Equity Pulse Check

The purpose of the Equity Pulse Check is to engage all stakeholders, as equal partners, in conducting a critical review of their school’s performance based on a few of the Great Schools Partnership’s Indicators of Educational Equity. The Equity Pulse Check is designed for all stakeholders to work collaboratively to identify strengths, challenges, and priorities in the school community and to work together to create long-lasting innovative solutions that produce equitable outcomes for all students.

It should take approximately 1-1.5 hours to check your equity pulse.

Directions
Possible Next Steps
Assessment

In many of the indicators below, you will see the word ‘educator’. By educator, we mean all staff who work in a school, in any role. This includes front office staff, bus drivers, and other staff who may sometimes be seen as educational support staff.

Please note: The charts below are not interactive; when taking your equity pulse, you may find it useful to print this page or the downloadable PDF.

STAFF AND STAFFING Consistent Sometimes Seldom
All educators believe that all families care about their children’s education.
There is a commitment among all educators to explore and discuss their own identities and the ways their identities have been impacted by privilege and bias.
Educators regularly review discipline, attendance, achievement, and other data to ensure that bias is not negatively impacting students.
All educators use asset-based approaches: using students strengths, interests, aspirations, and goals, helping students see their own academic and personal strengths and build on them.
All educators use asset-based approaches to teaching and discipline, helping students see their own academic and personal strengths and build on them.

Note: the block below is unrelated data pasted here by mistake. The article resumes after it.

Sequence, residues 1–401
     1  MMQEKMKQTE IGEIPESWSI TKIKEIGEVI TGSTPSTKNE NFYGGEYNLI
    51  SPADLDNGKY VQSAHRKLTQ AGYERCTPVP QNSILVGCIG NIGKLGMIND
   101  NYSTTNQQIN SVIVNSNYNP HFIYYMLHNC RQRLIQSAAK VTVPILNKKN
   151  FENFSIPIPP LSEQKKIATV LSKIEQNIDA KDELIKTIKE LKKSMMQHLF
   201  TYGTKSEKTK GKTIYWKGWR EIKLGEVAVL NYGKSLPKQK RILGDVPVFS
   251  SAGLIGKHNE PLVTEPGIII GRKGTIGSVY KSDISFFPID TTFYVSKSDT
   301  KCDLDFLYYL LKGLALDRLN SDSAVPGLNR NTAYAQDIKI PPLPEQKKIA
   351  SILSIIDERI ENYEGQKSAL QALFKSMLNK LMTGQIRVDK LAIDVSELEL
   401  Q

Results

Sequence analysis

School leaders seek out the perspectives, experiences, and voices of every demographic group about how the schools can best support all students (including the development of policy and curriculum).
School community Consistent Sometimes Seldom
School and community groups build strategic partnerships to offer after-school opportunities, summer programming, internships and service learning opportunities, early intervention services, and job assistance programs.
Members of the school community recognize and interrupt implicit and explicit prejudicial and harmful language and actions when these interactions happen in the classroom, school hallway, lunchroom, library, gym, teachers’ room, front office, or any other space.
School community members are able to identify racial microaggressions or bullying of individuals and groups who have been historically kept from fully participating in schools due to their race, ethnicity, age, gender, sexual orientation, income level, religion, language, disability, or other facets of their identity.
Educators work to repair relationships and rebuild trust if they find that students have been impacted by bias.
The school has processes and support systems that enable teachers to identify when a student is struggling and provides that needed support; families and students are aware of these structures.
The district has regular (e.g., monthly, bi-annual, annual, etc.) traditions around community forums, dialogues, surveys, and other ways of gathering community voices.
Professional Development (PD) Consistent Sometimes Seldom
There is a commitment among all educators to explore and discuss their own identities and the ways their identities have been impacted by privilege and bias.
Support is provided to all educators in order to design safe and supportive classrooms by forging relationships and by listening to students and families.
The school provides time and resources for all educators to have conversations about implicit bias, identity, and privilege during planned professional development time.
Teachers engage in ongoing professional development and collaborative work to ensure that their curriculum is free of bias and that it helps all students recognize, identify, and confront the history of systemic racism; teachers are able to discuss these subjects with students.
The district provides ongoing anti-racism training for all educators.
The district partners with community organizations to provide opportunities for community- wide anti-racism and anti-bias discussions.
Final Questions

The questions below can help guide a conversation about next steps:

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UNDERSTANDING ESSER AND ARP: RESOURCES FOR YOUR SCHOOL COMMUNITY